Guaranties 101: What is a Continuing Guaranty? What is the difference between a Guaranty of Payment and a Guaranty of Performance? Must a Guaranty have a Limit or Maximum Amount?
Payment of most commercial loans to small businesses is personally guarantied by the owners of the business. While there is no hard and fast rule as to when a commercial loan must be guarantied, most lenders ask for the owners to guaranty payment of credit extended to a corporate or limited liability company ("LLC") borrower. There are several good reasons for getting the guaranty.
First, taking a personal guaranty generally allows the Bank to get around the limited liability that a corporation or an LLC gives to a business. Small businesses are often incorporated or conducted by an LLC. The idea is for the owner of the business to avoid personal liability for the debts and obligations of the company. Typically, trade debt owed by a company to suppliers and rental obligations are among the many debts of a corporation or LLC for which an owner wants to avoid personal liability. The easiest way to do so is to incorporate the business or put it into an LLC.
Without a guaranty, the lender can generally look only to the assets of the corporate or LLC borrower. Unless the Bank can enforce its loan directly against the owner of the borrower, so long as the company is not insolvent, the owner can transfer money and property out of the corporation or LLC to himself, his family or another wholly-owned corporation and generally put those assets out of the reach of the creditor. Often, these transfers are not intended to shield the borrower's assets from the Bank, but that is the practical result.
Even so, small businesses are often conducted informally, paying only the necessary lip service to the requirements of corporate formality. For instance, as a business is failing, the owner continues to take substantial distributions or a high salary to fund his living expenses. Once distributed out of the borrower to the individual owner, without a guaranty, that money is not easily reachable by the Bank to be applied to pay off the loan.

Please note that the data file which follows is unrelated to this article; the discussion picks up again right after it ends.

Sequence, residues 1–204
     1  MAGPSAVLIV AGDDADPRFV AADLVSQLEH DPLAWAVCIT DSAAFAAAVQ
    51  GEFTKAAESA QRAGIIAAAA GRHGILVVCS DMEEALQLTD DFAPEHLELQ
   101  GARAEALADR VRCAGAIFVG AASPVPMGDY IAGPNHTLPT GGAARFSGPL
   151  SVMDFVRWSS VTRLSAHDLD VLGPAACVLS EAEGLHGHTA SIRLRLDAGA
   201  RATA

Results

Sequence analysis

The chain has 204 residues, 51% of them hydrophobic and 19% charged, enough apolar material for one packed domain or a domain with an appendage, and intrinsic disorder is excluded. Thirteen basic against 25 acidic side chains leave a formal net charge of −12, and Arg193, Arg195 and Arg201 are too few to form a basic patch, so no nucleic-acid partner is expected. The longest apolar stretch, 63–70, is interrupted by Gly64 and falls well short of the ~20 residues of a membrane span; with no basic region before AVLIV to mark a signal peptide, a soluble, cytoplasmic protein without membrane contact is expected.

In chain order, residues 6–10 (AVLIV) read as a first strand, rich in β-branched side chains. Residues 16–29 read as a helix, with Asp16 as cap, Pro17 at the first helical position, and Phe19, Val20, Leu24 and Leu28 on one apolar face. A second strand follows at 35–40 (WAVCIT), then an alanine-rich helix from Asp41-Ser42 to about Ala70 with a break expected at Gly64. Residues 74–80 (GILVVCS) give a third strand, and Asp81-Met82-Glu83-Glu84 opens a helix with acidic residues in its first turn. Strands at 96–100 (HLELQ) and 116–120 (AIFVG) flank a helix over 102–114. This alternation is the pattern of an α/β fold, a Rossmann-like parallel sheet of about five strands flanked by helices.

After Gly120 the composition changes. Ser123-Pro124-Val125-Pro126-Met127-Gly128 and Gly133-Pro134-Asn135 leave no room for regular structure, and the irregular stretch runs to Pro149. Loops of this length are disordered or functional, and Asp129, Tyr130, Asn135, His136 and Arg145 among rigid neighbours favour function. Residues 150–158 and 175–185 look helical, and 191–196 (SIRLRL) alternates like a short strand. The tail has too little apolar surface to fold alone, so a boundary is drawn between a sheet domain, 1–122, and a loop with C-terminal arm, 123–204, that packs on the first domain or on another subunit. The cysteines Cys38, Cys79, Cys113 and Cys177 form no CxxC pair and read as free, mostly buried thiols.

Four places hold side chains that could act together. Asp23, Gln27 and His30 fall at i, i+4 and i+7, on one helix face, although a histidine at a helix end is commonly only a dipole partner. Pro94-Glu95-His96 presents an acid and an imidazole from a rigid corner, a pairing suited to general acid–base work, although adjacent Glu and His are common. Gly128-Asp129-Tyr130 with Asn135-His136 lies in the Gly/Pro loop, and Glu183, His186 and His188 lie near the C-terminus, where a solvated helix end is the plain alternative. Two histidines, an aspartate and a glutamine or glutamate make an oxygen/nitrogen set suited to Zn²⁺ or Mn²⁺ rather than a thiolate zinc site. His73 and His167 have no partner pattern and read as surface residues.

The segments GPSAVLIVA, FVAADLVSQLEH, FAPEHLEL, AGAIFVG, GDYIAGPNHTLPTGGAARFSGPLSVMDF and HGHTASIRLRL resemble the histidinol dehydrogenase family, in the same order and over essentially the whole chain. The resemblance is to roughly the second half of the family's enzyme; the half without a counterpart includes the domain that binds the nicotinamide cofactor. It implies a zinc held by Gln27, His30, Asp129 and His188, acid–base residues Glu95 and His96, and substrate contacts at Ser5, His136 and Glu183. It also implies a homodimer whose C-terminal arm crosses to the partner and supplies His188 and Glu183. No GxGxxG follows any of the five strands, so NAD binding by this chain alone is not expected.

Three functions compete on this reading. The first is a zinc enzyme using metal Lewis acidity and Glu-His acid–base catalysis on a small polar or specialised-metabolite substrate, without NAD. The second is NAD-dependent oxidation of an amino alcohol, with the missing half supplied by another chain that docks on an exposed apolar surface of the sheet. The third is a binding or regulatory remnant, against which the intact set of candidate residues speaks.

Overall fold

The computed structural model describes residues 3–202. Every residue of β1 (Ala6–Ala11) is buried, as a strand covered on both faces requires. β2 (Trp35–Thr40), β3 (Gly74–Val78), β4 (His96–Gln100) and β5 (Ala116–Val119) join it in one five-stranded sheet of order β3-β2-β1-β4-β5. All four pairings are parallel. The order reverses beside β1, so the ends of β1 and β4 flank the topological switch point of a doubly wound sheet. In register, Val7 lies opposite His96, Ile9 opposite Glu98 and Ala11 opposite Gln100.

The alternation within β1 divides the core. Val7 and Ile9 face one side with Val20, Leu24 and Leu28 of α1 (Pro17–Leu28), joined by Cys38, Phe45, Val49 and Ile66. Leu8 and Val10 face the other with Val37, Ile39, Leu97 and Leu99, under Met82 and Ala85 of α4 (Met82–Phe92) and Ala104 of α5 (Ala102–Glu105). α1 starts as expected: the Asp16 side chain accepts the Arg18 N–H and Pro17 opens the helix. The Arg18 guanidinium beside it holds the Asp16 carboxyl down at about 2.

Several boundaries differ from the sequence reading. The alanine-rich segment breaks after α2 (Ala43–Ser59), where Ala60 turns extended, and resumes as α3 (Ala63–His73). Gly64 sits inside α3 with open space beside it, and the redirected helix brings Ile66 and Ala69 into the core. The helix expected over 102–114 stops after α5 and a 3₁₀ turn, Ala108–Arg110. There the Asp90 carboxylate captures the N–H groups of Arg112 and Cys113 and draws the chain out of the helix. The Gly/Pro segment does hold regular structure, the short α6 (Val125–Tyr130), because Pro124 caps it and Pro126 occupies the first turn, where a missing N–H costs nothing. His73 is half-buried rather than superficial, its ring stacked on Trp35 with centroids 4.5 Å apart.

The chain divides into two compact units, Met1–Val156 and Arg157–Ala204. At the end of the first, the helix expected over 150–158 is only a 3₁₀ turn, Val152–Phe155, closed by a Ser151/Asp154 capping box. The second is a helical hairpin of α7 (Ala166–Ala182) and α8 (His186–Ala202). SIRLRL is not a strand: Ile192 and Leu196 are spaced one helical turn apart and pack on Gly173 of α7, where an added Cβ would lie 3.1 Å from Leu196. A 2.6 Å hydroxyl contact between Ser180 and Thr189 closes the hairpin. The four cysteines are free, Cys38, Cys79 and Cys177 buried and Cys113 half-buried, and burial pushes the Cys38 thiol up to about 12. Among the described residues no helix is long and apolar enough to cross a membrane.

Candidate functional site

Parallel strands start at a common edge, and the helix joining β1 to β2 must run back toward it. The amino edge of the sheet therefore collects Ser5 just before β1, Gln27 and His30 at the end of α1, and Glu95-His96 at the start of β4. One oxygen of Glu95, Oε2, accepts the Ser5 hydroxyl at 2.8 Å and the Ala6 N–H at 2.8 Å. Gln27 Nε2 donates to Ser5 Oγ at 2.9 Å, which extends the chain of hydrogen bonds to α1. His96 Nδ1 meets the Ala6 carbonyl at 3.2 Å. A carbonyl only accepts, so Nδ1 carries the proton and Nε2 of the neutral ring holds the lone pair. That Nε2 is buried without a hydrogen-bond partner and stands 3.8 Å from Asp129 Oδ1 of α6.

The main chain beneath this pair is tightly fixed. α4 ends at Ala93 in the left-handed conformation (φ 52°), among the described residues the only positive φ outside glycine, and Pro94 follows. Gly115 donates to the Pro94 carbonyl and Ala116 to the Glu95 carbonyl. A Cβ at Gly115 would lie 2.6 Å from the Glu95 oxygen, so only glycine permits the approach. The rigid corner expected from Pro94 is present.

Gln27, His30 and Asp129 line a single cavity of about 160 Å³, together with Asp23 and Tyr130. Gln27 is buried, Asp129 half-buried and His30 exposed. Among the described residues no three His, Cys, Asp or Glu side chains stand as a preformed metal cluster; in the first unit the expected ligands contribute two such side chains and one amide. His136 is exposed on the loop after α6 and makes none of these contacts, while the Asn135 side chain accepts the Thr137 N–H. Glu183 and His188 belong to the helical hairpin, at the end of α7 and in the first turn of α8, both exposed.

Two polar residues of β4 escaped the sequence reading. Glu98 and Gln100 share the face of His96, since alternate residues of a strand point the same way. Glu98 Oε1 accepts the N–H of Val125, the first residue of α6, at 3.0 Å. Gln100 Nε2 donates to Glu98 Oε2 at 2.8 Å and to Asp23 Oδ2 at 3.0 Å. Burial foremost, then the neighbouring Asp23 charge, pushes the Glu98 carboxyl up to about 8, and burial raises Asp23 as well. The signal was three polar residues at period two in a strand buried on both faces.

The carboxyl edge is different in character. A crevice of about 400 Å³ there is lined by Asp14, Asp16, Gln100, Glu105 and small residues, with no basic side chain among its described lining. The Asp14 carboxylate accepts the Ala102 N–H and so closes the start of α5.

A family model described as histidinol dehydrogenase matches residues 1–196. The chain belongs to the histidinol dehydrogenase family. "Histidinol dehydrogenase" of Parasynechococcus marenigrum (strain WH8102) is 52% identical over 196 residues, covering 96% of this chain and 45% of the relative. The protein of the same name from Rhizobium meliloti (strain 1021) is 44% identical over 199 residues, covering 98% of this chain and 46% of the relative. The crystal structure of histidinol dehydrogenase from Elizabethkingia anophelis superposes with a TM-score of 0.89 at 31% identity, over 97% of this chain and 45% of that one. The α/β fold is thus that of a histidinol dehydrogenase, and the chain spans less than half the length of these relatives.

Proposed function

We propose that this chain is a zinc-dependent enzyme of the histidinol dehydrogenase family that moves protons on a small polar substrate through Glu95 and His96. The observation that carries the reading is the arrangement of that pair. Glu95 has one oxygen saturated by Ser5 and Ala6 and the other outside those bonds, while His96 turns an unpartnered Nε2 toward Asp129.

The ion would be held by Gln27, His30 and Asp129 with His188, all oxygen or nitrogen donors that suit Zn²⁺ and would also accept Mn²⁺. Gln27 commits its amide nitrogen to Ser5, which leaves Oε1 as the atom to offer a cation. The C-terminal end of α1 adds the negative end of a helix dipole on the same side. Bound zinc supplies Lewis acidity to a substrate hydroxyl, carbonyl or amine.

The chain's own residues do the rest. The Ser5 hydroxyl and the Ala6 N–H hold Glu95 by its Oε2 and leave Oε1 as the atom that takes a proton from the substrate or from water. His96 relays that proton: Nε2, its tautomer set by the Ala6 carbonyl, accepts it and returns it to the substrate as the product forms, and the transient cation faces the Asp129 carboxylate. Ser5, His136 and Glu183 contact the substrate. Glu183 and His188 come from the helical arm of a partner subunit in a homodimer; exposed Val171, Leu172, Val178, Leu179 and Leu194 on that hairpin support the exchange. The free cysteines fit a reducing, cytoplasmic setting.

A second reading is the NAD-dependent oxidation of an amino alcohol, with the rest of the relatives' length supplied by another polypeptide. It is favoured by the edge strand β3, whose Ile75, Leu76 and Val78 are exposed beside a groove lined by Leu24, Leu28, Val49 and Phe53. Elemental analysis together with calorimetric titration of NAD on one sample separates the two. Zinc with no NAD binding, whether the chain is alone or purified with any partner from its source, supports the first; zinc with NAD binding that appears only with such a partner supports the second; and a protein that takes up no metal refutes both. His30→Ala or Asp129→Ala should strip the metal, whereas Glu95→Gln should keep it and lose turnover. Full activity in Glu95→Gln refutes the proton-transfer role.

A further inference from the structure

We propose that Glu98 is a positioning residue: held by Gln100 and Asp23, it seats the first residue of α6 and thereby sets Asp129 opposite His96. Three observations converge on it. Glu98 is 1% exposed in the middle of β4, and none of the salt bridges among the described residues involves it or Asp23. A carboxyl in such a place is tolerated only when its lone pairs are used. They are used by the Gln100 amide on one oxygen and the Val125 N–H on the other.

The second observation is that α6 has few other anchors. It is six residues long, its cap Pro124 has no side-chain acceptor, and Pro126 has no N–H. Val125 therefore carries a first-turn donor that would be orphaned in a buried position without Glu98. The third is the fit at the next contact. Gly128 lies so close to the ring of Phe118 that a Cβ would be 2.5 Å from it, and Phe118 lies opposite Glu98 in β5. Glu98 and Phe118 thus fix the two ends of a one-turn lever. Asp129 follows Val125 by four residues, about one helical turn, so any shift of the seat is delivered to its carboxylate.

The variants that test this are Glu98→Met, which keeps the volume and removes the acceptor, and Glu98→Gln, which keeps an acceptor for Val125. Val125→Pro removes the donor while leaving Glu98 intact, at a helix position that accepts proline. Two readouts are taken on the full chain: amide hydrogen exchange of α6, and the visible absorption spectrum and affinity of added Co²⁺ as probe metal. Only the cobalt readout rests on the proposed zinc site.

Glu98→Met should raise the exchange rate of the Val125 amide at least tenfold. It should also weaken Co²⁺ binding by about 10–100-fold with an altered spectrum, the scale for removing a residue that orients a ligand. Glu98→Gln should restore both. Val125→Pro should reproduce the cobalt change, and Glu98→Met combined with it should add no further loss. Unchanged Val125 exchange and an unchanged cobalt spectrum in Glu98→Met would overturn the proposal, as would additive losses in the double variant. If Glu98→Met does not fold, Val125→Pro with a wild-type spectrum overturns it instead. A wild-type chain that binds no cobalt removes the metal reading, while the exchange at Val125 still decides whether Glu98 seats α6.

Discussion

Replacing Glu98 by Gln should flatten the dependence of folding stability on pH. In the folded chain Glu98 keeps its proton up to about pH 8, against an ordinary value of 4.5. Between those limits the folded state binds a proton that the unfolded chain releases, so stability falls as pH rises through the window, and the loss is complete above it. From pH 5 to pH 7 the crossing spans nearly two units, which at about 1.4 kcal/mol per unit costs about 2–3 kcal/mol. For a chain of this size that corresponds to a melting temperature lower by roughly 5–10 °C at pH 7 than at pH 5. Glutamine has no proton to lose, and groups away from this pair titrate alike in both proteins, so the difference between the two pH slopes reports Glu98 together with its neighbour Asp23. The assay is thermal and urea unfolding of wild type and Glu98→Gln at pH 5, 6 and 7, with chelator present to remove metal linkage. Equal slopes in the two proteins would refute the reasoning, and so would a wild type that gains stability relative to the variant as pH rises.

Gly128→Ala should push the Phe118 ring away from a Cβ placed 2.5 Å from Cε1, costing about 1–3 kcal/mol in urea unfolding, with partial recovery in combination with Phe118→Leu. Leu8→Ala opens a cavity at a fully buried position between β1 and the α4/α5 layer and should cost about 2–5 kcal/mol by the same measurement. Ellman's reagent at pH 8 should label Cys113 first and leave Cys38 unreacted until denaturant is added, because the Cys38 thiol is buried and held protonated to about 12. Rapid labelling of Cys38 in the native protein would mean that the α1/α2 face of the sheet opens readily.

For many years, commercial lenders have required the owners of corporate or LLC borrowers to personally guaranty payment of the loan. A guaranty of payment is an independent agreement by a person or an entity to pay the loan when it goes into default. Even if the borrower is unable or unwilling to pay back the loan, the Bank can require the guarantor to pay it back.
The personal guaranty has a way of keeping the owners interested in their company and in paying back the loan, even if the company is doing poorly. The owners of a corporation quickly understand that they will be better off if the borrower pays back the loan using its assets, because the alternative is that the Bank will require the owners to personally repay the loan under the guaranty using the personal assets of the owner. Workout professionals often refer to this process as keeping the owners' "feet to the fire."
There are several rules that apply to guaranties and most of them are favorable to the guarantors. The good news for lenders is that many of these rules can be waived, and those waivers are fairly standard in most commercial loan documentation. For our purposes, the waivers are so commonplace that there is little need to discuss them in this blog.